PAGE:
Duterte may omit review of Bangsamoro law, adviser says

Christian V. Esguerra, ABS-CBN News

Posted at Jun 29 2017 02:19 PM

MANILA - President Rodrigo Duterte may skip review of a proposed law creating a new Bangsamoro government in Mindanao and instead send it straight to Congress for deliberations, his peace adviser said Thursday.

The decision would remove another layer of scrutiny, as was the case under former President Beningno Aquino III whose lawyers spent months reviewing provisions of the first Bangsamoro Basic Law draft in 2014.

Secretary Jesus Dureza said the new draft was supposed to be submitted by the Bangsamoro Transition Commission to the President on Wednesday. 

But Duterte opted to postpone it until Senate President Aquilino Pimentel III and Speaker Pantaleon Alvarez were available. 

"If you take it from there, parang ang gusto niyang gawin, pag natanggap nya, i-turn over na agad sa Kongreso," Dureza told ANC's Early Edition.

(If you take it from there, what he wants to do is, once he receives it, he will turn it over to Congress immediately.) 

The draft BBL is expected to be submitted to Congress in time for the president's state of the nation address next month.

Moro Islamic Liberation Front (MILF) chairman Murad Ebrahim was hopeful the new draft would not run into as many controversies like before.

He said the process under the new administration was more "inclusive," particularly taking into account concerns by the Moro National Liberation Front (MNLF).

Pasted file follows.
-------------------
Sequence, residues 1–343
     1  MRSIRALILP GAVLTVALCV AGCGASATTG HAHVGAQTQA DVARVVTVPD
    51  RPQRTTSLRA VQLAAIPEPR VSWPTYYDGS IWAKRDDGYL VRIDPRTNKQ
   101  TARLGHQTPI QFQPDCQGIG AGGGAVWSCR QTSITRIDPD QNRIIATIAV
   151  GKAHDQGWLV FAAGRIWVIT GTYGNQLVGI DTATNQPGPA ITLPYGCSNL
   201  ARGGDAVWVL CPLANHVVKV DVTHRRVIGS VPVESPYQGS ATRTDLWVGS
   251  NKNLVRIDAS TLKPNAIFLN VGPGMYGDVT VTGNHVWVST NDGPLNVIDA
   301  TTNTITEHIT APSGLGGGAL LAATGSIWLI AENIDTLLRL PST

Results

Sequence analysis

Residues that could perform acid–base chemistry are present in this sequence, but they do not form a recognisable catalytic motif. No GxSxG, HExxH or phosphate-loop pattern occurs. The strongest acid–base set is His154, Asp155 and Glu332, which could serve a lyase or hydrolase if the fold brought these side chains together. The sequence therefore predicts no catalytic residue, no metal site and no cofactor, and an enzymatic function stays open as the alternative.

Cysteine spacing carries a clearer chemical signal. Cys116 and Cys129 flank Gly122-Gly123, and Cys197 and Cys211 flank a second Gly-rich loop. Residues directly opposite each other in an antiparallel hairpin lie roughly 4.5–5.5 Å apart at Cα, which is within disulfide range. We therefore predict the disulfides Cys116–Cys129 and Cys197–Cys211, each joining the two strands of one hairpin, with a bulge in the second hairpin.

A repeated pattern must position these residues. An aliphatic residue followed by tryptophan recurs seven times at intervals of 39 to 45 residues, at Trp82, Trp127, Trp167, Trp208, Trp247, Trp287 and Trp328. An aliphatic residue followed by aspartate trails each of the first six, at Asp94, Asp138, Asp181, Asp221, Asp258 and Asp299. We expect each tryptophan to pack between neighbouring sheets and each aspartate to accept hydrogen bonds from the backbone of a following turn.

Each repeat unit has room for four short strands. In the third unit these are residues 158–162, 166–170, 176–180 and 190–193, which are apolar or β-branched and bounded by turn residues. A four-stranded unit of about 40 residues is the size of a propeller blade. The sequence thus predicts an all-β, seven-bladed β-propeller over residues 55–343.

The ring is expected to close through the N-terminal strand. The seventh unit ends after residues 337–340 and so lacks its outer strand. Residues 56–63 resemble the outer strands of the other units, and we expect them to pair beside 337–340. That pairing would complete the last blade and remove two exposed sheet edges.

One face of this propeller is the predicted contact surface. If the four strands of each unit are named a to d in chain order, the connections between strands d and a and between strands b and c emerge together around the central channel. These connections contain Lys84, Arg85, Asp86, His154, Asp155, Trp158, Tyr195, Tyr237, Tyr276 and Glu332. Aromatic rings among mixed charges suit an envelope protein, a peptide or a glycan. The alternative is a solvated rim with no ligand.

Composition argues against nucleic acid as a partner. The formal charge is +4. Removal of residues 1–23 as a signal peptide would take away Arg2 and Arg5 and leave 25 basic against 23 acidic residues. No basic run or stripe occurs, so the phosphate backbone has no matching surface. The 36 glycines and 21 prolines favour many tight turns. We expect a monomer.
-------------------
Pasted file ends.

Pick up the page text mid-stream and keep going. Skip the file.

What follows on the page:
Still, Congress will be faced with the challenge of "converging" the implementation of the two group's separate peace agreements with the government.

"Yung trabaho na yan, lagay natin sa Congress. Wag natin silang pangunahan. Kasi paminsan tayo masyado tayong bright e," Dureza said.

(That job should be left to Congress. Let's not preempt them. We can be too bright sometimes.) 

Implementing the MILF's 2014 peace accord would mean abolishing the Autonomous Region in Muslim Mindanao (ARMM) and replace it with a new Bangsamoro territory.

But the MNLF faction, led by its founding chairman Nur Misuari, wants the full implementation of its 1996 final peace agreement. This would mean expanding and enhancing the existing ARMM.

Murad insisted his group, which broke away from the MNLF in the late 70s, was claiming no exclusive ownership of the proposed Bangsamoro territory despite its peace agreement.

"It is owned by the Bangsamoro people," he told ABS-CBN News.

Murad said the new territory would be an "enhancement of the ARMM" and the "self-determination of the Bangsamoro people."